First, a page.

When people discover that there are ways to reduce taxes, they often assume that those ways are geared only toward high-income taxpayers. But there are tax credits available to low-income taxpayers that can help reduce their tax burden and make a positive difference in their financial lives. Let’s take a look at seven of them. First, let’s clarify the difference between a tax credit and a tax deduction. Tax credits are a dollar-for-dollar reduction of your tax bill while a deduction just reduces your taxable income. For example, a $1000 tax credit will actually reduce your tax bill by $1,000 (i.e., a $5000 tax bill would be reduced to $4000). A $1000 deduction, on the other hand, would reduce your taxable income (i.e., from $50,000 to $49,000) resulting in an actual tax savings of approximately $100-$300, depending on your tax bracket.
The Savers Credit
It’s difficult to save for retirement when your income is low, but if you do you can qualify for this special tax credit that gives an additional tax break on the first $2,000 contributed to a retirement account such as a 401(k), IRA, 403(b), etc.
American Opportunity Credit
Formerly known as the Hope Credit, this offers a credit for money spent on certain college expenses.
Earned Income Tax Credit
Individuals who meet the income requirements can qualify for this credit, which reduces their overall tax liability and can result in a refund. In some cases, taxpayers can qualify for a refund that exceeds the amount they paid in taxes.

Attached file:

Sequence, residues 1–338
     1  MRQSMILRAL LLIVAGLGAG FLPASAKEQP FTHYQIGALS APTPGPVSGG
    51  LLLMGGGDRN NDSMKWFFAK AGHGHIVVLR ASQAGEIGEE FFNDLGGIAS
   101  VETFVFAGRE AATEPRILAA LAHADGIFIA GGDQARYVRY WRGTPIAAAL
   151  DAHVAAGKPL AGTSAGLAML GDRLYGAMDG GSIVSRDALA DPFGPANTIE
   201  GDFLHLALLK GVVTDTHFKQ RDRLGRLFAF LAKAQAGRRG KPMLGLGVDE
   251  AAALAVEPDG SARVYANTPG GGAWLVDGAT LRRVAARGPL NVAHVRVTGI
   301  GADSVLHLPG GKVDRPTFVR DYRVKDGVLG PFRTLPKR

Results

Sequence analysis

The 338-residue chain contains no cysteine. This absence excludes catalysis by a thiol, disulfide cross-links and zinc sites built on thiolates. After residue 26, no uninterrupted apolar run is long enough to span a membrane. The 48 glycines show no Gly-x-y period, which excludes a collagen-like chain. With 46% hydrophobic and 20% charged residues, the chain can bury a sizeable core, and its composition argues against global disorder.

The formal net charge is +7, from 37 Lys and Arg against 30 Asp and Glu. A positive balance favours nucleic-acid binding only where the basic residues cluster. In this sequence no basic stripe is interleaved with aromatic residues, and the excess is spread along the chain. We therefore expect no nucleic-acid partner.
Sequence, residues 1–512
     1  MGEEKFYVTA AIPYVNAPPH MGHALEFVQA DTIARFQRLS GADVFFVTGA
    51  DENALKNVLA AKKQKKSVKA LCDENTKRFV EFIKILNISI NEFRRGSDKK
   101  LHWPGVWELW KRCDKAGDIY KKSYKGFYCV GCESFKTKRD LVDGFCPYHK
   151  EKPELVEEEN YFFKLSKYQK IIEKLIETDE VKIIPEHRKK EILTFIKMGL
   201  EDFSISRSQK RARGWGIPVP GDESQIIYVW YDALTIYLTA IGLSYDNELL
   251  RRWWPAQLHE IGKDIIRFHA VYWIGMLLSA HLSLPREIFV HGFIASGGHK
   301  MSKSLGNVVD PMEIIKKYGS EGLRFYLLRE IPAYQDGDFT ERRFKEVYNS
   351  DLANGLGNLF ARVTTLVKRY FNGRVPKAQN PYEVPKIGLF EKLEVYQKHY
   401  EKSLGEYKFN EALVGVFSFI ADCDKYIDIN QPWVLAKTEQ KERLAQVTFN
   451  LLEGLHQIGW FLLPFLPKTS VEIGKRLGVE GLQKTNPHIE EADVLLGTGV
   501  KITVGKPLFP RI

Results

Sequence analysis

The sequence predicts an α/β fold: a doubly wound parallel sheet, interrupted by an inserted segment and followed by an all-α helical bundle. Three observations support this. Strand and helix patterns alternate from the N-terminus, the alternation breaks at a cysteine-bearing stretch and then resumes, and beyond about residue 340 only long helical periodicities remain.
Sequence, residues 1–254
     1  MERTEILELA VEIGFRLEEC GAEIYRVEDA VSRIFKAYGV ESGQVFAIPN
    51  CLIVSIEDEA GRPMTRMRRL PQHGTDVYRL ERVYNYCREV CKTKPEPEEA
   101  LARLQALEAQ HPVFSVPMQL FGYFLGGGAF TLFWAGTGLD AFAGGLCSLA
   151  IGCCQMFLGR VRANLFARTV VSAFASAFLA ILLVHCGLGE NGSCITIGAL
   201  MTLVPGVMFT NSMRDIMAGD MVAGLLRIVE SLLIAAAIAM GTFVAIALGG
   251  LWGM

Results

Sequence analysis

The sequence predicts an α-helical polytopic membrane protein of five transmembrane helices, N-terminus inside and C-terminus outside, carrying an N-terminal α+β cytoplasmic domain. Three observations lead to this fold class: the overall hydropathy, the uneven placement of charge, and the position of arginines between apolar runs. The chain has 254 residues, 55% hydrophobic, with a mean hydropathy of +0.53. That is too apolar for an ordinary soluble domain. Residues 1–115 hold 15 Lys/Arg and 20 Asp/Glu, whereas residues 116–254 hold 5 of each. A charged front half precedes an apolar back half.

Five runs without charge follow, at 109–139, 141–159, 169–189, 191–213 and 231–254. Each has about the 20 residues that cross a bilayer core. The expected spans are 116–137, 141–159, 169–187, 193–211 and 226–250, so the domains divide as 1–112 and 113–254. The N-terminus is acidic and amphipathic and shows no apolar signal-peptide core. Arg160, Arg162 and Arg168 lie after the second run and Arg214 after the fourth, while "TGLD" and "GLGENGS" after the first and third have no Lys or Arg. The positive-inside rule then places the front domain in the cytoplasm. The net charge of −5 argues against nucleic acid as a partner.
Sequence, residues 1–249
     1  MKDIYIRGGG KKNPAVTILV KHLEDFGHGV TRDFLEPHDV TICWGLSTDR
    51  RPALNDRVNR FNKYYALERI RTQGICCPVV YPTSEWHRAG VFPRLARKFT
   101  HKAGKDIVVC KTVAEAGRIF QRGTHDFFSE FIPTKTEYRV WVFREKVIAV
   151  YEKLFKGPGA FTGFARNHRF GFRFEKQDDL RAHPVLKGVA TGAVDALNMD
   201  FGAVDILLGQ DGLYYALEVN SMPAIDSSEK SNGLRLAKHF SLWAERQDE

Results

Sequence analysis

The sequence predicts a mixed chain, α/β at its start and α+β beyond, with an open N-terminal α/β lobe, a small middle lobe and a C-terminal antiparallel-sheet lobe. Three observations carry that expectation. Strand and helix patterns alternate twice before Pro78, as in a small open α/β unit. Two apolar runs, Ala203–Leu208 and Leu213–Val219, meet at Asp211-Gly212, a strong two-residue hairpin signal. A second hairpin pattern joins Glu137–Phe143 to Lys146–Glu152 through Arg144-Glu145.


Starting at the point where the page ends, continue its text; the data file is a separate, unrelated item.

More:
Lifetime Learning Credit
Allows up to $2,000 in tax credits for certain education expenses. Cannot be used in conjunction with the American Opportunity Credit.
Child and Dependent Care Credit
This credit is for the cost of paying someone to care for your child or dependent. When you qualify, you can get a credit equal to as much as 35 percent of your qualifying child or dependent care expenses, as long as the provider meets qualifications. Note that the care must be given to a child under 13 or to a dependent who is physically or mentally incapable of caring for him or herself.
Credit for the Elderly or the Disabled
Qualified individuals who are 65 or older or who have a permanent disability may qualify for this special tax credit.
Child Tax Credit
Taxpayers with qualifying dependent children may qualify for up to $1,000 in tax credits per child. This credit can be taken along with the child and dependent care credit.
We recommend you consult with your tax advisor to see if you qualify for any of these credits.
Although this information has been gathered from sources believed to be reliable, it cannot be guaranteed and the accuracy of the information should be independently verified. This material is intended for informational purposes only and should not be construed or acted upon as individualized investment advice. Neither Kramer Wealth Managers, nor FSC Securities Corporation, offer tax or legal advice. Federal tax laws are complex and subject to change.